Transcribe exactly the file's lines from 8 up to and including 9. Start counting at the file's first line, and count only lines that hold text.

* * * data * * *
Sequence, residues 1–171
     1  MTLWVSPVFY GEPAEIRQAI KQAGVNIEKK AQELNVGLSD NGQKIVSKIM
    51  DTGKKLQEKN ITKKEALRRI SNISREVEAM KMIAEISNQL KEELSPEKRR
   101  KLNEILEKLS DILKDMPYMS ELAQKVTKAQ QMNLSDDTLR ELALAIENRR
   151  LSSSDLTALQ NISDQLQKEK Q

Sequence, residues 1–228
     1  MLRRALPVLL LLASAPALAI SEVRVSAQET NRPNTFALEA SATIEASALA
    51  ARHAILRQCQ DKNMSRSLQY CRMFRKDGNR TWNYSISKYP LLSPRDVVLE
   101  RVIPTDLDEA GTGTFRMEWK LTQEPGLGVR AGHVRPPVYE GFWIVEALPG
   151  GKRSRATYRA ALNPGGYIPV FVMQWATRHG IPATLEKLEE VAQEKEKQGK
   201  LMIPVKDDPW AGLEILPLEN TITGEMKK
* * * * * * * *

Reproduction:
    51  ARHAILRQCQ DKNMSRSLQY CRMFRKDGNR TWNYSISKYP LLSPRDVVLE
   101  RVIPTDLDEA GTGTFRMEWK LTQEPGLGVR AGHVRPPVYE GFWIVEALPG